“Does their work lift them, does it nourish them, does it allow them space to become a better version of themselves?” he writes, before bemoaning the tyranny of metrics and “productivity-obsessed managers” at other companies.
One PartnerHero worker, Ana, said the company tried to fire her when she became unable to meet her productivity targets, despite the fact that she was seriously ill. She eventually received a severance payment equivalent to five months’ pay.
Workers on Grindr’s PartnerHero team also had to maintain a personal “quality score” – a measure of their decision-making – of at least 92%. Three workers who left PartnerHero in 2023 said they felt they had been unfairly penalised or had their contracts terminated after changes in the way they were assessed.
Until mid-2021, Hinge also employed a team of moderators based in the US. They received an hourly rate of $20-30 and were able to access the company’s health insurance scheme.
According to an onboarding document seen by TBIJ, moderators were initially expected to process 35 profiles per hour, or a decision every 100 seconds. In July 2020, workers complained that this had been significantly increased, to 52 profiles per hour.
“We were getting graded every week on our performance,” said one former Hinge moderator. “And if you got below 85 [percent] or some high number, you could be fired. So it was just a volatile environment to be in, and when the quota went up, you had more chances of getting things wrong.”
At Bumble, Gael received a base rate of €10 an hour – a very good wage when converted into Brazilian reals, he said – but freelancers in other countries received a piece rate of between 3p and 7p per report processed. The variation in pay was based on their performance on sample cases where moderators’ answers were compared to those of a manager.
Dealing with cases of misogyny, transphobia and “general vileness” all day was stressful, said Oscar, a former Bumble freelancer based in Latin America. “Not to mention the stress of having to be correct on your test cases, or else I got paid even less.”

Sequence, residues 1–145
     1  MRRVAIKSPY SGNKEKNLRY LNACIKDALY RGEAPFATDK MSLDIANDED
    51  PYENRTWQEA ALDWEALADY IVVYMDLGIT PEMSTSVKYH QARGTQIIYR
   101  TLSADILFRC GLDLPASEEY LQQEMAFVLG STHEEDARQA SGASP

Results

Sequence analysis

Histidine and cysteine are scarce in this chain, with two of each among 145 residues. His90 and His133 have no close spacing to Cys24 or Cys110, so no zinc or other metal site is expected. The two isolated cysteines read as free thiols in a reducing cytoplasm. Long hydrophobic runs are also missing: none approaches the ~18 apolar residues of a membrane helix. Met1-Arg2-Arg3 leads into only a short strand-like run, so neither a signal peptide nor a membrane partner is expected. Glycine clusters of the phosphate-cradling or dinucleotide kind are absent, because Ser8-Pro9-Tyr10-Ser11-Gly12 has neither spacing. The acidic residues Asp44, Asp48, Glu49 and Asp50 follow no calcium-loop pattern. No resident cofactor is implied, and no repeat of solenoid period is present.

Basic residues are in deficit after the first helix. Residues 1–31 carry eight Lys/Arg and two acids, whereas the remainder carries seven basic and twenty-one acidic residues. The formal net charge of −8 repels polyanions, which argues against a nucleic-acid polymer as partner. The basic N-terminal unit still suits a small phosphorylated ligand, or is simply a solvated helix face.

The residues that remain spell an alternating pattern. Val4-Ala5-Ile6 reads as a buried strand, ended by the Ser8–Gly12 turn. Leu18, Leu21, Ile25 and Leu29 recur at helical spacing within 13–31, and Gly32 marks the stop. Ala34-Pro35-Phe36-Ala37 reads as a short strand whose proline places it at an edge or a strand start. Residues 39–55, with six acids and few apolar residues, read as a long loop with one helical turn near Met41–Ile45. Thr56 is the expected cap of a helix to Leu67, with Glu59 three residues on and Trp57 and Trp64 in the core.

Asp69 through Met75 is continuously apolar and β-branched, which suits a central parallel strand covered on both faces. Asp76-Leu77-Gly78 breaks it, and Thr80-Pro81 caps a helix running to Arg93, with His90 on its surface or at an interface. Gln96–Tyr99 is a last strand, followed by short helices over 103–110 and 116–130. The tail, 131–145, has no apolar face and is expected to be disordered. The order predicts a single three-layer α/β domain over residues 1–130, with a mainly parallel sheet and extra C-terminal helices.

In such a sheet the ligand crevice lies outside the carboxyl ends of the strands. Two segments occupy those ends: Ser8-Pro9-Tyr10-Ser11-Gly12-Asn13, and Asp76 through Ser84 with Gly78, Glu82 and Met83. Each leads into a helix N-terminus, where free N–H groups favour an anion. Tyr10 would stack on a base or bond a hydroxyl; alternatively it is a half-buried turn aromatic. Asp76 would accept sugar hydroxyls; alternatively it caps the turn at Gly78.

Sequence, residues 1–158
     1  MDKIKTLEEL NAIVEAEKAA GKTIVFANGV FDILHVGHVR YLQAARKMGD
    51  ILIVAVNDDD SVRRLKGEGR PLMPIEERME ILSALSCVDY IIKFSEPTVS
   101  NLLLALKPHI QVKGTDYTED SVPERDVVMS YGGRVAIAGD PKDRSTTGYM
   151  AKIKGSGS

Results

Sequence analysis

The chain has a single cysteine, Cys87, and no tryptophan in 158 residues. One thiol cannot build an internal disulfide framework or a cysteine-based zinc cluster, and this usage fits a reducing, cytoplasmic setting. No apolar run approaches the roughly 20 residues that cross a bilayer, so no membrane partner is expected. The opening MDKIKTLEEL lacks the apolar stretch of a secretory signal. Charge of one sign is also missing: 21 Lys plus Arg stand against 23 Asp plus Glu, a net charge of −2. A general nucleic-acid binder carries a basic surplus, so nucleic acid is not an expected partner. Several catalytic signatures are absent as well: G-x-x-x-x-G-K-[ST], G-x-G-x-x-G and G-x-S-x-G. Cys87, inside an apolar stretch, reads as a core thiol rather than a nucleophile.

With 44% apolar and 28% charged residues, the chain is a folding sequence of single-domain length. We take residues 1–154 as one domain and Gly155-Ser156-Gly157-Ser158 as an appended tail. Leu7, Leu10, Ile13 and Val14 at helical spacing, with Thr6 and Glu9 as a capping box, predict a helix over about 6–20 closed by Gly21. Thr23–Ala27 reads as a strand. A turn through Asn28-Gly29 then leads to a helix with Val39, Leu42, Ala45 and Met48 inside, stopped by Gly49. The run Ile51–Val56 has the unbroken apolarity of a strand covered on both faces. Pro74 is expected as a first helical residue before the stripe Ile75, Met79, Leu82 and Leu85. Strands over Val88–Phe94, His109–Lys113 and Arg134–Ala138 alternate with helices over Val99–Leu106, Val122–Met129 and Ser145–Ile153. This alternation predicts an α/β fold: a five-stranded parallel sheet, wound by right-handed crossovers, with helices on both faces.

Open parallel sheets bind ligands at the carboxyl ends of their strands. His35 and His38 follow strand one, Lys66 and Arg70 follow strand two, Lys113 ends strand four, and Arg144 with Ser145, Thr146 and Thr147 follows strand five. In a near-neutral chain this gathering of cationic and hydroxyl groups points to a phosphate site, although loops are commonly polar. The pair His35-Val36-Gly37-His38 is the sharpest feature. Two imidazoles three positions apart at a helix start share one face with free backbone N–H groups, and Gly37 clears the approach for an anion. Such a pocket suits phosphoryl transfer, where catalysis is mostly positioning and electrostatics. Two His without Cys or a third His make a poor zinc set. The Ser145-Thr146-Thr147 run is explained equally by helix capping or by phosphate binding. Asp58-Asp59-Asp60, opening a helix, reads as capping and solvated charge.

Management has also tried to impose stricter targets on specialists who worked on more complex cases but rolled back the plans after a backlash. TBIJ reviewed anonymous feedback collected by Bumble management after introducing these new targets, which included the comment: “Feeling burnt out and exhausted from always failing at my targets/falling short of my goals. Has me constantly feeling anxious.”
The same survey also asked workers: “If you struggled to hit your target, what was your primary blocker?” The most common reason, cited in 71% of responses, was “not enough time”.
“Rigid targets aren’t appropriate for the kind of work we do because we experience a lot of secondary trauma," said Laura, a safety specialist. “It could be like someone’s just poured their whole heart out to you, talking about some really traumatic experiences that they’ve gone through, like assault… and you're supposed to respond to it like you’re a robot.”
Laura was one of a number of workers interviewed who voiced concerns over user safety. “When it came to keeping members safe, it wasn’t really the policies as such that were the problem, it was more to do with the execution,” she said. “Because we were understaffed, people could be waiting days or weeks to have their reports seen.”
“And if [it was] for something serious, that means that person who’s been reported may have been on the app for all that extra time.”
Bumble told TBIJ that tough safety standards are “part of our values”.
Too much to bear
“We had three people just leave that day … because they could not handle it,” said one of Grindr’s Honduras-based workers, recalling a time when a number of colleagues had been exposed to images of child sexual abuse attached to an email from a user.
Ale and other workers who were hired before 2020 were usually recruited into a generic customer support role whose work could involve content moderation and other user safety tasks. Since then, roles on PartnerHero’s Grindr team have become more specialised.
Of the 14 former Grindr moderators TBIJ spoke to, virtually all testified to the traumatic conditions they faced. Some said symptoms of distress were widely evident among staff. One told TBIJ they had attempted suicide multiple times during and after their time at the company.
PartnerHero began working with Grindr in 2017, and the workers it hired were initially recruited into generic customer support roles. While they were always required to perform tasks related to user safety, over time PartnerHero took on the bulk of Grindr’s content moderation.
"Everyone’s emotions, at some point, started to leak into the air,” said one former moderator. “People were able to feel it … they noticed the tension, the hostile environment. It was awful.”
This tension was reinforced by the claustrophobic layout of the Grindr office, according to Hector, another former moderator. The floor was open plan and contained people working for different apps and campaigns, he said, but Grindr was in a separate office within an enclosed space.
“I don’t think we ever felt like part of it all. We were the spooky, weird guys that worked for this weird thing that nobody was supposed to see.”
Workers at Grindr and Bumble said they had to fight hard for their entitlement to mental health benefits. These varied significantly depending on the app and the contractual status of the moderator, and staff members tended to get better support than freelancers and outsourced workers.